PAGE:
By STEVEN GREENHOUSE
March 10, 1999
An in-house hearing officer Tuesday cleared
Arthur Coia, president of the Laborers union, of associating with
members of organized crime, but fined him $100,000 for buying
a $450,000 Ferrari with help from a supplier to the union. The ruling was immediately attacked by the
Justice Department as flawed and by conservative groups who said
the investigation by union-appointed officials, to which the department
had agreed, was half-hearted because Coia is friendly with President
After a three-year investigation, Peter Vaira,
the hearing officer, who used to be U.S. Attorney in Philadelphia,
found that there was not enough evidence to prove charges that
Coia associated with a New England mob boss and that he appointed
a known mob associate to an important union position. In his 108-page ruling, Vaira ruled against
Coia on only one of 16 charges, finding that he was guilty of
a conflict of interest and of receiving improper financial benefits
when a Rhode Island car-leasing company helped him finance the
purchase of the Ferrari.
Union officials said that the U.S. Attorney
in Boston was investigating the transaction, in which Coia bought
the car while the car-leasing company held the title, letting
Coia avoid more than $40,000 in luxury taxes on the vehicle. This
also enabled Coia to resell the limited edition car three years
later as a new vehicle.
The union's in-house prosecution of Coia
has faced repeated attacks from Republican officials because the
Clinton administration in 1995 dropped a planned civil racketeering
suit against the Laborers, long considered one of the nation's
most corrupt unions, and instead allowed the union to investigate
itself. Republicans have repeatedly maintained that Coia has benefited
from a sweetheart deal because the Laborers union has donated
millions of dollars to the Democratic Party in recent years and
because Coia and the president are so friendly that they have
swapped golf clubs as gifts.
Until Tuesday, Justice Department officials
repeatedly defended the in-house investigation, saying it was
a model because it saved the government money and manpower. But Tuesday, Justice Department officials
issued an unusually strong criticism of Vaira's ruling. In a joint
statement, James K. Robinson, assistant attorney general for the
department's criminal division, and Scott R. Lassar, the U.S.
Attorney in Chicago -- which conducted the original eight-year
civil racketeering investigation -- said they believed "the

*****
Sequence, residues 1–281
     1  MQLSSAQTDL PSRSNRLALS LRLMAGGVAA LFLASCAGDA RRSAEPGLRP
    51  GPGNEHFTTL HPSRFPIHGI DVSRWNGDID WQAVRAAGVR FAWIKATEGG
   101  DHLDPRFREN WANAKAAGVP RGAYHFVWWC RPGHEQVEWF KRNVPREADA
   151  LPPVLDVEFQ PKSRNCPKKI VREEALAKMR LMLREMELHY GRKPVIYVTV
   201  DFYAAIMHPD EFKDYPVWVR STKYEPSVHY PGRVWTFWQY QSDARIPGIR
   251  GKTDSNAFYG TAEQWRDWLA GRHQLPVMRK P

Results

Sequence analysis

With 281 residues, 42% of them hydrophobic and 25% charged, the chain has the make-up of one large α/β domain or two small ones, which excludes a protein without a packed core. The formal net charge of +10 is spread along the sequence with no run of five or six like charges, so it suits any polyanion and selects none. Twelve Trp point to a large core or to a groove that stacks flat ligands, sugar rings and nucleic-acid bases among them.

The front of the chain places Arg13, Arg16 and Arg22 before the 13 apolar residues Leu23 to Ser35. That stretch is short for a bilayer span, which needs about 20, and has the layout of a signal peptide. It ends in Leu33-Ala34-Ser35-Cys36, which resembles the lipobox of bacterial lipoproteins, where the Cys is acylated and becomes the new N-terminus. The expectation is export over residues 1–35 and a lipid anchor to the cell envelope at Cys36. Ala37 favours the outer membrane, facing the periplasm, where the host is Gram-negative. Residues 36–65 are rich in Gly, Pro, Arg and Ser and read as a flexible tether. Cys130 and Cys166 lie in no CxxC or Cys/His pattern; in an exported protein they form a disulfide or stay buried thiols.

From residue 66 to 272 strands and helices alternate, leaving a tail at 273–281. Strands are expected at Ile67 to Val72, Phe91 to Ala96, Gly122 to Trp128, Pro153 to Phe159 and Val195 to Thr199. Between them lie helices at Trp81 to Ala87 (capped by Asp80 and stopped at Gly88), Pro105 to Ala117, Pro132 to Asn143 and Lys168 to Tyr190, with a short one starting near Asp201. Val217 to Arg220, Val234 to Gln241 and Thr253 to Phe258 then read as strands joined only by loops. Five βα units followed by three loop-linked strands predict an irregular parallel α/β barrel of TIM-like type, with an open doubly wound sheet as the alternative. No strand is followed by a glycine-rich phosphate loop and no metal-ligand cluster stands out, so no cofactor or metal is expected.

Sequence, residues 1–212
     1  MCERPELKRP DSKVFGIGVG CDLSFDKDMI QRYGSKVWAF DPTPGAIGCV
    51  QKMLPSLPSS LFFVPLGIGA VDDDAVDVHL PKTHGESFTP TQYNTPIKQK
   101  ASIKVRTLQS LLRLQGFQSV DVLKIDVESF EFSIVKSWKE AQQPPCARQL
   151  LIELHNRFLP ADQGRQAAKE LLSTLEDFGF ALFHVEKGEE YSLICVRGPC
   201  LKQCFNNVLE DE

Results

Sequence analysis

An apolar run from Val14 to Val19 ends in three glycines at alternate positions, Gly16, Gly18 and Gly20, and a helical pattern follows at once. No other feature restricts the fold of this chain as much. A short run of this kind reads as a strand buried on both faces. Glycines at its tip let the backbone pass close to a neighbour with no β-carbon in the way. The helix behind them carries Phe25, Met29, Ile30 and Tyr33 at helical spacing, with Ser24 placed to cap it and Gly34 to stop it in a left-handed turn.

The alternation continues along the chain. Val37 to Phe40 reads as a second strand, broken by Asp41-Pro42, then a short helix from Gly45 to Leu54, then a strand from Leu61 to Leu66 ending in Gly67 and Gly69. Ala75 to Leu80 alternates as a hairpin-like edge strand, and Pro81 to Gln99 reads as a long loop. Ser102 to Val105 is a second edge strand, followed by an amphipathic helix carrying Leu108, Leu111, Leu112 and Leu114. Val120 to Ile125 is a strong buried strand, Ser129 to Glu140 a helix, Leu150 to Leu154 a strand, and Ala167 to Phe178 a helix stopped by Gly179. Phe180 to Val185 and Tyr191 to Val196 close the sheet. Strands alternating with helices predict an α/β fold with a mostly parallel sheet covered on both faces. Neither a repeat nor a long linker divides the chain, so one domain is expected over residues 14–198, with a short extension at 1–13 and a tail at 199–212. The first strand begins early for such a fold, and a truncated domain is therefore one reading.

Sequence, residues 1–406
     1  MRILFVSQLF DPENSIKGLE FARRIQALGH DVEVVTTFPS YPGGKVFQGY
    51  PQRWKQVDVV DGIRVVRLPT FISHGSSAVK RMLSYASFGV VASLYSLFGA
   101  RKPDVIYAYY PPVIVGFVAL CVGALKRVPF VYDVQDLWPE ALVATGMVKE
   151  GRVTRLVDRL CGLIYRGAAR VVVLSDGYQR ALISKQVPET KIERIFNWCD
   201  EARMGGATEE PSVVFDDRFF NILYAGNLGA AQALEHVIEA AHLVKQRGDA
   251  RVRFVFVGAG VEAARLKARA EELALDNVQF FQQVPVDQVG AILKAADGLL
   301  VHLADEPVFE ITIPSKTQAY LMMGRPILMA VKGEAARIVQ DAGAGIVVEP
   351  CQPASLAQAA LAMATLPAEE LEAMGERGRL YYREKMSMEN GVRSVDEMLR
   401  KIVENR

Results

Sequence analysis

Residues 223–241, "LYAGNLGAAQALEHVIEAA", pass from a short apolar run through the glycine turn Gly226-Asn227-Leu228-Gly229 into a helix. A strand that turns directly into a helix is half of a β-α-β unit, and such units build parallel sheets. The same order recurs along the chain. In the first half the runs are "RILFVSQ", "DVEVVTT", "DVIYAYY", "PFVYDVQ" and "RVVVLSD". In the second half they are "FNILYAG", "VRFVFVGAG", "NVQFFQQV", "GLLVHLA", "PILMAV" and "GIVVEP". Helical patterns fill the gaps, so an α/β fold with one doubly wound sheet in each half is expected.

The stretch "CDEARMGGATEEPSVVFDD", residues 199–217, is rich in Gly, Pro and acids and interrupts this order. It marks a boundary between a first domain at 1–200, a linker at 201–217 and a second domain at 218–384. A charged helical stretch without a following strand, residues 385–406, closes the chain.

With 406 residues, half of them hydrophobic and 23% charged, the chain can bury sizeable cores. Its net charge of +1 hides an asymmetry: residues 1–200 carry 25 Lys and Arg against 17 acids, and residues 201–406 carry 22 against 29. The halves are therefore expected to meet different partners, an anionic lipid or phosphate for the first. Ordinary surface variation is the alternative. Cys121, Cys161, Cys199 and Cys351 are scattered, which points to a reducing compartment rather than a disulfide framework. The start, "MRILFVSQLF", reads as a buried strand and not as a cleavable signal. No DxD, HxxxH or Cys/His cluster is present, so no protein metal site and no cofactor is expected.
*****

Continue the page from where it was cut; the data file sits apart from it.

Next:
opinion contains serious factual and legal errors" for clearing
Coia of mob ties.
The two officials said while they believed
the case "was thoroughly investigated" and "vigorously
prosecuted," they would urge Robert Luskin, the union prosecutor
who brought the charges before Vaira, to appeal.
Coia's lawyer, Howard Gutman, welcomed the
decision. "The evidence demonstrated overwhelmingly that
Arthur Coia has never been controlled by the mob and that the
mob actually despises Arthur," Gutman said. In a statement, Coia said that while the
investigative process "may have been personally painful,
it was necessary to preserve the integrity of our reform."
Kenneth Boehm, director of the National Legal
and Policy Center, a conservative research group, called the ruling
a "slap on the wrist" that shows the Justice Department
was wrong to put its faith in the idea that the union could reform
itself. "The Department needs to admit its mistake,
take over the union and institute real reforms -- especially ousting
Coia," Boehm said.
Coia's union, the Laborers International
Union of North America, claims to have 750,000 members, most of
them construction workers.
The central charges in the case asserted
that Coia violated union rules by associating with mobsters. Specifically,
Luskin asserted that Coia associated with Raymond Patriarca Jr.,
head of New England's powerful Patriarca crime family. Federal prosecutors have long said that Coia's
late father, Arthur E. Coia, who headed the Laborers union in
Rhode Island, was a close associate of Patriarca's late father,
Raymond Patriarca Sr., a legendary New England crime boss.
Coia acknowledged knowing the younger Patriarca,
saying they met when they were planning the defense in a case,
later dismissed, in which, Coia, his father and the elder Patriarca
were charged with racketeering. But Luskin charged that Coia had
repeatedly met with the younger Patriarca after that case was
dismissed, noting that Patriarca had sought to breed his Rottweiler
with dogs from Coia's prize-winning kennel. Vaira noted that the two key witnesses Luskin
used did not provide the definitive evidence that he had indicated
they would. Thomas Hillary, an unofficial stepson of the elder
Patriarca, failed to link Coia meaningfully with Patriarca, Vaira
said, while he found that Nino Cucinotta, the younger Patriarca's
driver who testified that Coia and Patriarca met frequently, was
not a credible witness. As for the Rottweiler breeding, Vaira found
that this did not constitute the type of association prohibited
by union rules.
But Vaira lashed into Coia's buying the Ferrari
with the help of Viking Oldsmobile, which leased cars to the union
and was run by a long-time friend. Even though Vaira said Coia
did not receive a kickback and lost money when he sold the car
for $380,000, Vaira said Coia violated union rules by engaging
in a conflict of interest in buying the car. Coia purchased the car by providing some
cash and trading in two Ferraris as a down payment and using a
$300,000 loan that Viking made available. "He was offered the unique opportunity
to make a large profit and receive favorable terms on the purchase
of the vehicle," Vaira wrote. "The conflict of interest
in this matter occurred at the highest level of the union."